A cap rate is a rate that helps real estate investors evaluate an investment property. Our free cap rate calculator generates a property’s net operating income and cap rate based on inputs including property value, gross income and operating expenses. Investors can then decide whether the property is a good value.
Capitalization Rate Calculator Rule of Thumb
Here are some rules of thumb around cap rate for real estate investments:
- Good cap rate: Typically 4% – 10%+
- Bad cap rate: Generally anything less than 4%
- Cap rate time frame: It shows you the rate of return over a 1-year period
Keep in mind that cap rates vary based on the type of property, location and how the cap rate is calculated. To compare and contrast cap rates between properties accurately, they need to be in similar locations and the same type of property, for example, duplex or commercial property.
How the Cap Rate Calculator Works
The capitalization rate calculator gives you the property’s cap rate by dividing the net operating income (NOI) by the property value and multiplying that number by 100. To figure out the NOI, you multiply your gross rental income by your occupancy rate and then subtract operating expenses from your gross rental income.
Keep in mind that all of your calculations should be figured out on a yearly basis because the cap rate is calculated over the course of a year. If you know your monthly operating expenses, multiply that number by 12 to get your yearly operating expenses. You figure out the net operating income by taking your gross rental income and multiplying it by your occupancy rate and then subtracting all of your operating expenses.
Buy and hold investors typically consider rental property operating expenses to be all expenses that help keep the property up and running. These operating expenses include property taxes, insurance, management fees, maintenance, repairs and miscellaneous expenses. They do not include your investment property loan payments.
Cap Rate Formula
The cap rate formula is NOI / property value x 100.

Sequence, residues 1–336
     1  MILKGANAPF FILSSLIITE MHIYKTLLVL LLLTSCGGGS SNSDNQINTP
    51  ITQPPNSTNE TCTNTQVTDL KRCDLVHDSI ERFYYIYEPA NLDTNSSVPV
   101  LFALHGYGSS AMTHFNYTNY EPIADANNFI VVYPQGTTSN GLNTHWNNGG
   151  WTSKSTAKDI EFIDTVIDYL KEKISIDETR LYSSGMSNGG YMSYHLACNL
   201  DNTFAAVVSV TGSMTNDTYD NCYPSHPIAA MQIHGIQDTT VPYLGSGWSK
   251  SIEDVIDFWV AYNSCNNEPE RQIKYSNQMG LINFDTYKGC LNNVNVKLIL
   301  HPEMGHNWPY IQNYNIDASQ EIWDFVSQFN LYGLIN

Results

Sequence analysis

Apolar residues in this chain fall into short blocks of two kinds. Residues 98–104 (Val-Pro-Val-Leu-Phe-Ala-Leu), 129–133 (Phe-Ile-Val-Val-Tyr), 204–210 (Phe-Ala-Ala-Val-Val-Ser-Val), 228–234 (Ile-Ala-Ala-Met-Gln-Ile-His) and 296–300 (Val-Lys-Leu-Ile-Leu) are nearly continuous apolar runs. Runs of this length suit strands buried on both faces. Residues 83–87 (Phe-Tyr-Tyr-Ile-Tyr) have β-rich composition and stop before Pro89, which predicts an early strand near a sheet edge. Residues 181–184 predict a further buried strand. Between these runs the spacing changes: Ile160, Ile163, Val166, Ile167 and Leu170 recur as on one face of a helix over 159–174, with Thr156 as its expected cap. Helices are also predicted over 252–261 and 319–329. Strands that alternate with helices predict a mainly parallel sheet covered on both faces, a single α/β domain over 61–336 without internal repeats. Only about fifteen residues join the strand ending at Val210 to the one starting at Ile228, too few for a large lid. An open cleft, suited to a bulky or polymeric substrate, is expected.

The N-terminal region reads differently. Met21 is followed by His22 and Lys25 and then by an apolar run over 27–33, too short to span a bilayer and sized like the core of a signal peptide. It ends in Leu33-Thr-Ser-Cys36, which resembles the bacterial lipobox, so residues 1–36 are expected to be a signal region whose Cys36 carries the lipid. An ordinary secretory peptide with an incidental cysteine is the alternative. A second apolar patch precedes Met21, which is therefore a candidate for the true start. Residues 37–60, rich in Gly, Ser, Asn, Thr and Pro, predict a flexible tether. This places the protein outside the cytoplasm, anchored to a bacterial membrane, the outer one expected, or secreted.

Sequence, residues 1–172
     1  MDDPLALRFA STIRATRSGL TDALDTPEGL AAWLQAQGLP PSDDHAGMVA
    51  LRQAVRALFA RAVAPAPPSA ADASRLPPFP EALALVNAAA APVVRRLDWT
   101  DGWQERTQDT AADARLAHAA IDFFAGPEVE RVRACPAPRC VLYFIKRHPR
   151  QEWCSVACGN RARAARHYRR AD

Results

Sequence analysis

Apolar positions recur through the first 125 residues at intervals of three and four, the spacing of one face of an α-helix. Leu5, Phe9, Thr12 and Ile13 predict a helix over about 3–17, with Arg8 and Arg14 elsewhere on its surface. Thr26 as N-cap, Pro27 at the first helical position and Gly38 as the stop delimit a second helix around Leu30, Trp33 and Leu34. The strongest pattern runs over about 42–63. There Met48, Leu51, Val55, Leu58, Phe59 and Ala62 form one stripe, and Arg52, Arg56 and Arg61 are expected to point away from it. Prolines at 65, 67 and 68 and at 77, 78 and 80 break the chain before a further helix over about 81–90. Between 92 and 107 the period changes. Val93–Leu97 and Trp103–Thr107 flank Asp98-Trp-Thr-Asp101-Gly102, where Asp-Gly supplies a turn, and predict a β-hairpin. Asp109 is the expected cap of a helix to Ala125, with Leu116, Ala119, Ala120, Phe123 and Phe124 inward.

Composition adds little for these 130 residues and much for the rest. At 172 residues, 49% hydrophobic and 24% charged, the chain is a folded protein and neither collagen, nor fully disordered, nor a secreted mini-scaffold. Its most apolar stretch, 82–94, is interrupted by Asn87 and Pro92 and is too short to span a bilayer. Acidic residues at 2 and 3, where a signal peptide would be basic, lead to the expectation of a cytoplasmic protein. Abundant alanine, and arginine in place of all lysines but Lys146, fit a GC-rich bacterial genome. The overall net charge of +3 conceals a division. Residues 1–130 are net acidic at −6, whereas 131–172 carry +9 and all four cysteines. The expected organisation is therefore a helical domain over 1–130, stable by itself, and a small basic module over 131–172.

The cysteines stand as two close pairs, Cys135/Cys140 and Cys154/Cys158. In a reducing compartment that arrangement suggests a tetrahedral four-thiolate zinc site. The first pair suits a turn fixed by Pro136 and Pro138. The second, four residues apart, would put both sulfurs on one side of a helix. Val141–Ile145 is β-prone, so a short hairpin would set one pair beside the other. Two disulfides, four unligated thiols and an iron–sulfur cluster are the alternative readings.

Let’s take a look at a quick example of how to calculate NOI. Your gross rental income is $60,000, your occupancy rate is 85 percent and your operating expenses are $15,000.
$60,000 x 85% = $51,000
$51,000 – $15,000 = $36,000 NOI
Then to figure out your cap rate, you divide the NOI by the property value and multiply by 100.
$36,000 ÷ $400,000 = 0.09 x 100 = 9% cap rate
Some investors use different variations of the cap rate formula, but we find it most accurate if we incorporated the occupancy rate. From the above calculations, you can see just how much time the capitalization rate calculator will save you.
Cap Rate Calculator Inputs
Our cap rate calculator asks you to input certain things so it can calculate your NOI and cap rate based on the numbers you input. You need to input your property value, occupancy rate, gross rental income and so on. Keep in mind that cap rate is calculated over one year, so all inputs, except for property value, should be entered as the yearly number.
Cap rate calculator inputs include:
Property value is the first input on our cap rate calculator. Remember that property value is not the same as purchase price. Property value is the current fair market value (FMV) of the property. If you’re unsure of what your property is currently worth, you can find your current property value by asking a realtor or using the Zestimate tool on Zillow.
Gross Rental Income
Gross rental income should include more than just your rental income. It includes all income generated from the property. Your gross rental income is usually calculated monthly so multiply that monthly number by 12 to get the yearly number. This is done because the cap rate formula is based on yearly numbers.
Things included in your gross rental income are:
- Rental income from tenants
- Parking income
- Income from laundry facilities
- Vending income
- Any additional income the property generates
Your occupancy rate is the percentage of the units in your property that are rented at any given time. A typical occupancy rate is 90 to 95% or higher. The occupancy rate should be used on properties with two or more units. To calculate the occupancy rate, divide the number of rented units by the number of total units and multiply by 100.
Here’s an example of how to calculate occupancy rate. Total units: 10, Rented units: 7
Your occupancy rate would be 7 / 10 x 100 = 70%
Operating expenses on an investment property are any expenses associated with that property to keep it up and running. These include things like taxes, insurance and management fees. However, they don’t include your mortgage payments.
Typical investment property operating expenses include:
- Property taxes: These are assessed by a governing authority in the area the property is located and vary based on location, property value and size
- Property insurance: Rental property insurance helps protect your property from loss of income, damage and perils like weather-related damage; the average policy on a $200,000 rental property costs $1,473 to $1,596 per year
- Property management fees: These fees vary from 8 percent of gross collected monthly rent for an investment property to more than 25 percent of gross rent for a vacation rental property
- Maintenance and repairs: These include things to keep the property maintained like pest control, painting and lawn care as well as any necessary repairs; expect to pay about 1 percent of the property value per year on maintenance
- Miscellaneous expenses: These can include things like accounting and legal fees and common area utilities; it’s a good idea to have some extra reserves saved for them